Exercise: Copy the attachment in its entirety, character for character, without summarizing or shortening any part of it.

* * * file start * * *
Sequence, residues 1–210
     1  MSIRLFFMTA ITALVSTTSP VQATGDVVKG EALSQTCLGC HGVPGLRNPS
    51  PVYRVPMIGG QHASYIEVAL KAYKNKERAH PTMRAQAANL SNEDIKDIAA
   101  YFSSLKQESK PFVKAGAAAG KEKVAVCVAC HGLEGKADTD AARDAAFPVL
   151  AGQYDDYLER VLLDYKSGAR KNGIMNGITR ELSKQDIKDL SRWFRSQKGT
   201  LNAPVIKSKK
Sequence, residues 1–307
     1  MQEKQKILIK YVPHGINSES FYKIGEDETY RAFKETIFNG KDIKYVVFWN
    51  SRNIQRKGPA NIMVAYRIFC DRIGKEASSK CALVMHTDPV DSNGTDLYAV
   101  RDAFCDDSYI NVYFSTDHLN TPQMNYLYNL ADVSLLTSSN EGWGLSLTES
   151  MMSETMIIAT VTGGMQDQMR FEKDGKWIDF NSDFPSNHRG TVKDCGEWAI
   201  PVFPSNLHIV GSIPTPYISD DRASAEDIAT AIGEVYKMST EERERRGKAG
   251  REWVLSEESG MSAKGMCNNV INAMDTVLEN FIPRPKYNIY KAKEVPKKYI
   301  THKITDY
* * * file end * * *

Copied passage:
Sequence, residues 1–210
     1  MSIRLFFMTA ITALVSTTSP VQATGDVVKG EALSQTCLGC HGVPGLRNPS
    51  PVYRVPMIGG QHASYIEVAL KAYKNKERAH PTMRAQAANL SNEDIKDIAA
   101  YFSSLKQESK PFVKAGAAAG KEKVAVCVAC HGLEGKADTD AARDAAFPVL
   151  AGQYDDYLER VLLDYKSGAR KNGIMNGITR ELSKQDIKDL SRWFRSQKGT
   201  LNAPVIKSKK
Sequence, residues 1–307
     1  MQEKQKILIK YVPHGINSES FYKIGEDETY RAFKETIFNG KDIKYVVFWN
    51  SRNIQRKGPA NIMVAYRIFC DRIGKEASSK CALVMHTDPV DSNGTDLYAV
   101  RDAFCDDSYI NVYFSTDHLN TPQMNYLYNL ADVSLLTSSN EGWGLSLTES
   151  MMSETMIIAT VTGGMQDQMR FEKDGKWIDF NSDFPSNHRG TVKDCGEWAI
   201  PVFPSNLHIV GSIPTPYISD DRASAEDIAT AIGEVYKMST EERERRGKAG
   251  REWVLSEESG MSAKGMCNNV INAMDTVLEN FIPRPKYNIY KAKEVPKKYI
   301  THKITDY